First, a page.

Thomas Ackley Nichols
The Early Years
There are moments when doing genealogy research that you strike gold by finding something you have long sought. Today was one of those days. For this Memorial Day Weekend, I wanted to write a tribute to my 3rd great-grandfather, Thomas Ackley Nichols, for his service to our country and for the sacrifices that he and his family made. Disappointed at not having a photo of him to accompany this article, I was searching for at least a picture of the regiment he served in, the 9th PA Volunteer Cavalry. (I asked for some saintly intervention in this search as well, and today my prayers were heard). Hallelujah! While perusing google, I looked at about 20 images, when the very next picture I clicked on, Thomas A. Nichols was staring right back at me! Thank you Dave Taylor’s Civil War Antiques website.
Thomas Nichols story begins long before he bravely volunteered in the 15th Pennsylvania Infantry and then later, the 9th PA Cavalry. His formative years are shrouded in a bit of mystery. He was born in Pennsylvania December 17, 1824 to Matthias and Sarah Nichols. They moved from Virginia prior to the birth of Thomas and settled in an unknown place in Pennsylvania. So far they have eluded my attempts to find them in the 1830 and 1840 census, which only list the head of household by name. In 1850, Matthias Nichols 54, his wife Sarah 52, and their sons Mahlon Ransloe 22, William 17, and Edward 15, lived in Berks county, Pennsylvania, where Matthias worked as a machinist. Thomas lived nearby in Blythe township. What led the Nichols to this area of Pennsylvania was probably the growing lumber and coal industries and the job opportunities.
There were two natural resources that helped shape Schuylkill county: the worlds richest deposits of anthracite coal and the river that helped deliver it to an expanding nation.There are a couple of explanations for the meaning of Schuylkill. The first is that it translates to “hidden river” and was named by the Dutch discoverer Arendt Corssen. Second, is that the name translates to “hideout creek”. The river became a conduit for trade and canals were built to facilitate the shipment of the burgeoning lumber business. When coal was discovered, the river sped the transportation. Vast amounts of coal fueled the Industrial Revolution demanded by a growing nation, and that in turn launched America’s railroad industry. Workers needed to extract the coal spurred the influx of European workers. Skilled laborers from Ireland, England and Wales led the way followed by Germans in the 1840s. Later there were major immigrations from Russia, Poland, Lithuania, Ukraine and Italy. From the former Austrian-Hungarian empire came the Bohemians, Slovaks and Serbs. Today 20% of all Americans can trace their roots back to five counties, including Schuylkill county, in Southeastern Pennsylvania. It was during this time that America’s first labor unions were created due to the hazardous working conditions and low pay these workers experienced.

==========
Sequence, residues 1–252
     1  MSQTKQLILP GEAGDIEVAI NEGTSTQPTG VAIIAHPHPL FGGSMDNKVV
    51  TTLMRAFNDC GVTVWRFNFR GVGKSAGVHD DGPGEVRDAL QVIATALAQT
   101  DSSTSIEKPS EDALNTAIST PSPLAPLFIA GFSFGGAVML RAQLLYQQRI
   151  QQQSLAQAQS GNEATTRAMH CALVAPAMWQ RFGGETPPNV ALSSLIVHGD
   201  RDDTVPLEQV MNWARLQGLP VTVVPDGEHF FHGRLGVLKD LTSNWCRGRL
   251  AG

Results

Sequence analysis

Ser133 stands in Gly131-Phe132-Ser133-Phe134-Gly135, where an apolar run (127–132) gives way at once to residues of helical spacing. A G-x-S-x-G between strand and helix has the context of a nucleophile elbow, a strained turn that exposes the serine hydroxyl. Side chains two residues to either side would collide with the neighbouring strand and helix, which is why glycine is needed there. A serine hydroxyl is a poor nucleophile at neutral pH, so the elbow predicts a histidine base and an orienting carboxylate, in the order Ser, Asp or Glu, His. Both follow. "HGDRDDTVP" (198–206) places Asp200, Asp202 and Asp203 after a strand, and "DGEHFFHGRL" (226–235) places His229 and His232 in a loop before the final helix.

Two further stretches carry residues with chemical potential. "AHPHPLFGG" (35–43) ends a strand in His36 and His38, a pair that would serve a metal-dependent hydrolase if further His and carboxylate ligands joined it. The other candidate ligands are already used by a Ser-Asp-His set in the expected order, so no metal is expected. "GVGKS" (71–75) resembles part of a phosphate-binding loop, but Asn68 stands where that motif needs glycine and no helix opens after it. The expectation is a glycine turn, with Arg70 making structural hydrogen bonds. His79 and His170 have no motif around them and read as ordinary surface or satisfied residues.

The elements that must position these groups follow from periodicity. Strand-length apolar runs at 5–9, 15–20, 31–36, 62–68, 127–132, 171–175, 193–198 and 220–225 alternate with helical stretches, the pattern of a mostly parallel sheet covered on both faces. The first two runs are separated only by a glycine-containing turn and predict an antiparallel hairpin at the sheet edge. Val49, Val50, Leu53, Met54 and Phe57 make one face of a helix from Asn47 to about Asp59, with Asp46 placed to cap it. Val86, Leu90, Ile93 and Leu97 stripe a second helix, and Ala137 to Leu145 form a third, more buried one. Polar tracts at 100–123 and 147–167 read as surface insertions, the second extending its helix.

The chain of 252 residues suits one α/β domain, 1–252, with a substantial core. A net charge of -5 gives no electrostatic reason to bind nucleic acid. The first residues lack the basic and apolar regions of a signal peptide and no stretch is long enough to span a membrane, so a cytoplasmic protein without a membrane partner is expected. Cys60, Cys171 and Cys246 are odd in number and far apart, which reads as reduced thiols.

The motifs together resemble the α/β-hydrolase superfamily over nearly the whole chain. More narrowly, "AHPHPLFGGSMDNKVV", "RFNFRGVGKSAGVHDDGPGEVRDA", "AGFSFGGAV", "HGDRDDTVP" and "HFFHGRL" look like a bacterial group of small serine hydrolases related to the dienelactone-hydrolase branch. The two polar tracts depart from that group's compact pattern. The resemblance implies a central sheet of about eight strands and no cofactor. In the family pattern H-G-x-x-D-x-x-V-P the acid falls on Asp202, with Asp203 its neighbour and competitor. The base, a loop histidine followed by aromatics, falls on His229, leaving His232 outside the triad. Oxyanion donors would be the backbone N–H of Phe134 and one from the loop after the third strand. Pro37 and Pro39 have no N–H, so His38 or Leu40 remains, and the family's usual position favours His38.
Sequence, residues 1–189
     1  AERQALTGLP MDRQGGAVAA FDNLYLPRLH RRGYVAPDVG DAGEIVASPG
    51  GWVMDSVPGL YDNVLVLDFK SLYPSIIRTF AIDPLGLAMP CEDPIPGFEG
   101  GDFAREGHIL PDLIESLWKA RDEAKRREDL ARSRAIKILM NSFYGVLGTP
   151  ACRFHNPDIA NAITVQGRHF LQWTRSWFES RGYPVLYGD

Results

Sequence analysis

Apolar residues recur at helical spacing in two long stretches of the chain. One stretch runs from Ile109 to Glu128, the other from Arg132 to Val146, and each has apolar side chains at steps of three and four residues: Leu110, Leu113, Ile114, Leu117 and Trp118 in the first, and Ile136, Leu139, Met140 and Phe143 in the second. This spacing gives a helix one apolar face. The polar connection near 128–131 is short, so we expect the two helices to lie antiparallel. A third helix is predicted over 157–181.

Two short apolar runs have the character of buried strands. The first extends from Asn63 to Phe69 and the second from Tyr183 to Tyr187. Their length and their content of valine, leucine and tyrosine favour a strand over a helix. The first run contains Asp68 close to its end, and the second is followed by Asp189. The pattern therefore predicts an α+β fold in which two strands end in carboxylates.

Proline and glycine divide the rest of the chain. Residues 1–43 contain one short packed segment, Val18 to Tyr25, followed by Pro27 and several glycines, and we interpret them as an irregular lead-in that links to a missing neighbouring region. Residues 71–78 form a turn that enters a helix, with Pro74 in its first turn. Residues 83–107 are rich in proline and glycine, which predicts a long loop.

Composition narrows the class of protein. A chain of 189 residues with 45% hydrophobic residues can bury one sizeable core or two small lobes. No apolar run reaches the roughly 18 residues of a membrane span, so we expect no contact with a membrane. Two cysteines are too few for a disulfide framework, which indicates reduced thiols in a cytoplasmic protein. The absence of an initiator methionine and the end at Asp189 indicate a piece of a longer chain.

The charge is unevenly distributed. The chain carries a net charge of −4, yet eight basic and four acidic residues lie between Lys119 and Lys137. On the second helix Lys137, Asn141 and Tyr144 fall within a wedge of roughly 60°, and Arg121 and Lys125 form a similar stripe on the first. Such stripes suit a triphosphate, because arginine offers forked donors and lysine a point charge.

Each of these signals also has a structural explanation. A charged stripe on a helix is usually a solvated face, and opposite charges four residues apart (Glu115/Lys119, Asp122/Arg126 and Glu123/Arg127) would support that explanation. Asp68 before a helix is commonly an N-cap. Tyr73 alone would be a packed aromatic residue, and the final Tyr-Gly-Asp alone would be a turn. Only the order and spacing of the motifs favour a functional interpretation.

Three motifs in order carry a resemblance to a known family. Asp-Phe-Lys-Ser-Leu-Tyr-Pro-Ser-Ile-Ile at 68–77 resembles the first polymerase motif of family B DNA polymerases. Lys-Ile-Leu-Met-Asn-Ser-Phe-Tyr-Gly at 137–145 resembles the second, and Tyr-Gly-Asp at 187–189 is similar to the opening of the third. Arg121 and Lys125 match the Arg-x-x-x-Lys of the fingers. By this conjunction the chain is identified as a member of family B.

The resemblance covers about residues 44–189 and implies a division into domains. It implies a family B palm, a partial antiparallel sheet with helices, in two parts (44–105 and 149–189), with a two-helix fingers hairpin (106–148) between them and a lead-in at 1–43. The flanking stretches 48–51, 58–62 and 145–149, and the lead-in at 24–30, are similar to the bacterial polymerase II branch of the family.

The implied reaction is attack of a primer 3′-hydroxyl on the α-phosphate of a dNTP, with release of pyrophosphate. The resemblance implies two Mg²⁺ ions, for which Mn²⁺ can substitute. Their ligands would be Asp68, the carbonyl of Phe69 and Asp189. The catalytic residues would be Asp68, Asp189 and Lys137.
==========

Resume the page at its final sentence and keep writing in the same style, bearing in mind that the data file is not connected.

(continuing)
As a machinist Matthias Nichols would have readily found employment to support his family in many towns in Pennsylvania, and he seemed to change locations often. Either the urge to move on to greener pastures enticed Matthias to move, or perhaps it was a tragedy in the family, but no record of him is found in the 1860 census. The obituary for Mahlon states that his brother William settled in Philadelphia, while Edward chose a more adventurous route and headed west.
Mahlon and Thomas settled in Schuylkill county and obtained white-collar jobs. Mahlon lived in Pottsville where he clerked in a large store until he and a partner opened their own mercantile, Nichols & Beck. After the partnership dissolved, Mahlon ran his own store until he retired in 1894. During those years, he wed Mary Ann Bright in April 1854, and they had three daughters, Harriet Nichols, Sarah, “Sallie” Nichols, and Mame Nichols. As an active Pottsville citizen, Mahlon served on the town council, was Chief Burgess, and a member of the Humane Fire Company. He passed away in 1902, ten years after the death of his wife. His cause of death was heart trouble, but he also suffered the last years of his life from dropsy and was confined to his bed his last months.